Mark Cavendish was at the centre of controversy at the Tour de France yesterday as he was accused of causing a crash 100 metres from the finish line of stage ten in Saint-Malo before clashing with reporters.
Cavendish collided with stage winner Marcel Kittel’s lead-out man Tom Veelers, appearing to give him a little nudge to send him tumbling to the ground, and the Dutchman called for Cavendish to be disqualified after the race.
Although organisers took no immediate action, verifying his third place behind Kittel and Andre Greipel, the debate raged after the race and a ruffled Cavendish walked off with a reporter’s tape recorder as he was questioned about the incident.
It had been a relatively straightforward 197km stage along the flat roads from Saint-Gildas-Des-Bois until the final sprint to the line.
With little support from his team, Cavendish was left fighting for position and collided with Veelers as they raced along at speeds above 40mph.
Although Cavendish stayed upright while Veelers fell, his rhythm was gone and he freewheeled over the line, shaking his head behind the leading pair.
“The road was bearing left,” Cavendish said. “I know you’re trying to get all the ‘Mark Cavendish is a really bad sprinter’ stuff again, but with 150 metres to go the road bears left. All I do is follow the road.”
Cavendish suggested the organisers were asking for trouble by finishing the stage on a slight bend. “I’ve been told the commissars would have relegated me if I’d won, but make it a straight sprint,” he added. “The road veers left.”
Cavendish’s mood soured as the questions continued. “We came up, we lost our guys early,” Cavendish said “I tried to follow (team-mate) Gert Steegmans, I followed his lead and launched from there. It was too early in the sprint so I settled back on to Tom’s wheel and when Greipel kicked I went then.”
Asked if the crash was his fault, Cavendish snapped, saying: “Was what my fault?” before snatching a tape recorder from a reporter and putting it on his team bus.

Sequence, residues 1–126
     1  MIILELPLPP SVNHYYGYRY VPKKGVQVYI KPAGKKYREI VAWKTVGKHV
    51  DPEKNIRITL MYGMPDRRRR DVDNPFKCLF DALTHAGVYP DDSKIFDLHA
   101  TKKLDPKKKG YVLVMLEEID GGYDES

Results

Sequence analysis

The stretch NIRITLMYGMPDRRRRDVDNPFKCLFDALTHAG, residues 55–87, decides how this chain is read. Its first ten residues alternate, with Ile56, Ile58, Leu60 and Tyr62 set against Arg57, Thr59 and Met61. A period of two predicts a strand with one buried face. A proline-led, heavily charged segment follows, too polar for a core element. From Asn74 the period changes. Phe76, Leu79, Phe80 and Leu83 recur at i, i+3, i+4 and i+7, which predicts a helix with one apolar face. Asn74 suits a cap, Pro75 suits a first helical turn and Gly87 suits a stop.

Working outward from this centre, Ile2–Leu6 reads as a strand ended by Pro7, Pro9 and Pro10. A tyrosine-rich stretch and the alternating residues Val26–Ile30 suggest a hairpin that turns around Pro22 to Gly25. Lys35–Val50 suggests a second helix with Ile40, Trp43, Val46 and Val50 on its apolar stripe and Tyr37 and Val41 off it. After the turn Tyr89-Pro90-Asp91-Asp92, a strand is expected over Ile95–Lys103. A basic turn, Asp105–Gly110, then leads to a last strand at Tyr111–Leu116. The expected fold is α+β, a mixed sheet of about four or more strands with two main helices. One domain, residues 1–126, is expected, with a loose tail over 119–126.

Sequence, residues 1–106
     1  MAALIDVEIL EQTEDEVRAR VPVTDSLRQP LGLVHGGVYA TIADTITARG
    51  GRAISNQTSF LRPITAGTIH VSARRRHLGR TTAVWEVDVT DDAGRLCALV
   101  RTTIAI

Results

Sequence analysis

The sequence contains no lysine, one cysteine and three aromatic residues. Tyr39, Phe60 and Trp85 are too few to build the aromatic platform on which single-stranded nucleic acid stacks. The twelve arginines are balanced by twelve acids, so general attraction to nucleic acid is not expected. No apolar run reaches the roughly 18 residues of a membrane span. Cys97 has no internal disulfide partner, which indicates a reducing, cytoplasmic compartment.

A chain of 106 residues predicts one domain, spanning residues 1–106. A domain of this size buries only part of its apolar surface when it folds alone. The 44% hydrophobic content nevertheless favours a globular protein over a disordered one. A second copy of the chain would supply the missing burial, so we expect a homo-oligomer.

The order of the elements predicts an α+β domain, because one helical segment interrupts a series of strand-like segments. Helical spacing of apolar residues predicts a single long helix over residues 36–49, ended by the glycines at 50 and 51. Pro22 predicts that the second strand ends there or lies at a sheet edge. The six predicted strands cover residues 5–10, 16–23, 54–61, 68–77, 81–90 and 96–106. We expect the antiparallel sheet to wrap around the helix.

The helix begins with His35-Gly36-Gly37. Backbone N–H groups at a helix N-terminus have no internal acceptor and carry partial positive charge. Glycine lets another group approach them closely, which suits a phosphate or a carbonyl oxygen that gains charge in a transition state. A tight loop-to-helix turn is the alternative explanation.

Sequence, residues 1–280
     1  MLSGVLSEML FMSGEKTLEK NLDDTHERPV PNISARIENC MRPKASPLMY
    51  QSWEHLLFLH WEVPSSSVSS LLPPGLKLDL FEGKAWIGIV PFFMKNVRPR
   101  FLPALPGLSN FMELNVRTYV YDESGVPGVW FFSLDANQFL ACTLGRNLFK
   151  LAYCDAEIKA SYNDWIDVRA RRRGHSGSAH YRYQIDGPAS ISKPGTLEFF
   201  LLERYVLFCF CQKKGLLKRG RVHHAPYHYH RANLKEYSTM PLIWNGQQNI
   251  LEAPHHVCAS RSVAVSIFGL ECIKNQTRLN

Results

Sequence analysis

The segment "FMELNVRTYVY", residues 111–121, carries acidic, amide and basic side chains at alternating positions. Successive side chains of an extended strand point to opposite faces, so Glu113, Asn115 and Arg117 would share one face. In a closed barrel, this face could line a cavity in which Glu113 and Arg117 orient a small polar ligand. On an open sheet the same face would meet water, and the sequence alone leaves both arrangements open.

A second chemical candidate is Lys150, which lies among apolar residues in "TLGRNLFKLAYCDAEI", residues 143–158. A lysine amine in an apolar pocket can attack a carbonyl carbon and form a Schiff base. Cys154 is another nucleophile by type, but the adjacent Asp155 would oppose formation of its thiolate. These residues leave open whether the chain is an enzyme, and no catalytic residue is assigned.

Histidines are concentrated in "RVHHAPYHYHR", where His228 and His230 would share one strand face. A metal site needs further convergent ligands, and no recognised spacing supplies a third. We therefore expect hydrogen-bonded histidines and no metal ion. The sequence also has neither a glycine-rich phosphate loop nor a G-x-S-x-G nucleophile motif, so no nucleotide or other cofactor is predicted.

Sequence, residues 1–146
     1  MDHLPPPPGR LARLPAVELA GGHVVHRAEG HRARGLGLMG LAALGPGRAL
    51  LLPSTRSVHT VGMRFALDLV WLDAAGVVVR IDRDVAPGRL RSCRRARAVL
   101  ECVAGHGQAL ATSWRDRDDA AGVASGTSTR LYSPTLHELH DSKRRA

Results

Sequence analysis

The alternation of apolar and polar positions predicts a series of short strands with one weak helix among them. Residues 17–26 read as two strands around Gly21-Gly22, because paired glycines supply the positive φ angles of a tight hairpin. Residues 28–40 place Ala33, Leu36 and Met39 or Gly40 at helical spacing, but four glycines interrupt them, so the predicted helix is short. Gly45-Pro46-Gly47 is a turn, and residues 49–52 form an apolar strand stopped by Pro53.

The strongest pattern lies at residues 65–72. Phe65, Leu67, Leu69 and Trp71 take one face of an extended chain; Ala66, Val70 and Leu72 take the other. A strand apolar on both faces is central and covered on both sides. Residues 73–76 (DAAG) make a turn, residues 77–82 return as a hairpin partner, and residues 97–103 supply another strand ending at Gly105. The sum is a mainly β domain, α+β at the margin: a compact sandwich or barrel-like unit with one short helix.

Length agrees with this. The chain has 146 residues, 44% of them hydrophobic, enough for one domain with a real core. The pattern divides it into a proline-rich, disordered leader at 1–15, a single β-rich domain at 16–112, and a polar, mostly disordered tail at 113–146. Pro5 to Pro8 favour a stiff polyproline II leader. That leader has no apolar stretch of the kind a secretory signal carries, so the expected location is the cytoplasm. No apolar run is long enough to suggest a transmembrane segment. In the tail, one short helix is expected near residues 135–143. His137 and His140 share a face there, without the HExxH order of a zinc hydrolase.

Having abruptly ended the questioning, Cavendish used Twitter to give his side of the story.
“Whatever has happened, if I’m at fault, I’m sorry,” he wrote.
“There’s no way I’d move on a rider deliberately, especially one not contesting a sprint. I hope @tom_veelers is ok.”
Moments later, he tweeted again: “Just seen the sprint. I believe I didn’t move line. I’m actually coming past Veelers & we touch elbows when he moves. Anyway, hope he’s ok.”
However, Veelers was far from happy about the incident.
“I did my lead out for Marcel, and as I did my job, I went out of the way,” the Argos-Shimano rider said. “And it was Cavendish who took me off my bike. When I see the video it’s very clear it’s his fault, he has to be DQ’d.
“The sprint was strange, it’s unbelievable that something like that happens. I want excuses at least. I’m a little finished with Cavendish.” Kittel backed his sprint rival, saying he could not imagine the clash was deliberate, but Greipel was unimpressed. “Hope @tom_veelers is fine after that hard crash. Unnecessary and scary s***” he wrote on Twitter.
The crash only served to highlight a bigger problem for Cavendish as the lead-out efforts of Omega Pharma-Quick Step were upstaged by those of Kittel’s Argos-Shimano team and Greipel’s Lotto-Belisol squad.
This is just the latest incident in a frustrating Tour for Cavendish. Although he won stage five in Marseille, his hopes of wearing the yellow jersey on the opening day were ended when Orica GreenEdge’s team bus struck the finish line gantry, while he also crashed on stage six to Montpellier and was beaten in the sprint finish.
That means the wait goes on for a 25th career Tour stage win, which would see him move level with Andre Leducq for third all-time.